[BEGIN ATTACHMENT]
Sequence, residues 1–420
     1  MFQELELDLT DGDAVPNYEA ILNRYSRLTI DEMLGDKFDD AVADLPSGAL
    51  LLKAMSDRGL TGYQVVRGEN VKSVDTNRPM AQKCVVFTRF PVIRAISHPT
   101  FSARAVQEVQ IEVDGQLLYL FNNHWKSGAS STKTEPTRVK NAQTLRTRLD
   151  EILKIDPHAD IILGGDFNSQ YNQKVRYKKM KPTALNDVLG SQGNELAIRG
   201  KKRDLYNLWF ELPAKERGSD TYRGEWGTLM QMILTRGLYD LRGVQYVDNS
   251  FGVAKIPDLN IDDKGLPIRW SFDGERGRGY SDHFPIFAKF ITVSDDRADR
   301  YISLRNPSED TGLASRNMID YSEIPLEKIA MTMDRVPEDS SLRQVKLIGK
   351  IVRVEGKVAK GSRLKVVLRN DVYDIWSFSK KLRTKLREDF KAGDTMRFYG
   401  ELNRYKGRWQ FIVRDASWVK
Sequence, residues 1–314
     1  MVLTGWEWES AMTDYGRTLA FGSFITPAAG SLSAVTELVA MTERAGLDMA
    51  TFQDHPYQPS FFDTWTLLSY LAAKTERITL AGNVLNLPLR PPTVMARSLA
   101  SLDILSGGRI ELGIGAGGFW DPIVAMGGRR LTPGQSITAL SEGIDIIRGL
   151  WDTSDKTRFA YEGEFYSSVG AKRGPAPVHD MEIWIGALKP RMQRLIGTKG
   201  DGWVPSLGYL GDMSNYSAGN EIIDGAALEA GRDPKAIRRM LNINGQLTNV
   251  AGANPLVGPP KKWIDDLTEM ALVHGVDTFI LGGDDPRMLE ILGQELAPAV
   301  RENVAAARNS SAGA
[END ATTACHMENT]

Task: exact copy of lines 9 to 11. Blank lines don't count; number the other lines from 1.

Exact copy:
   351  IVRVEGKVAK GSRLKVVLRN DVYDIWSFSK KLRTKLREDF KAGDTMRFYG
   401  ELNRYKGRWQ FIVRDASWVK
Sequence, residues 1–314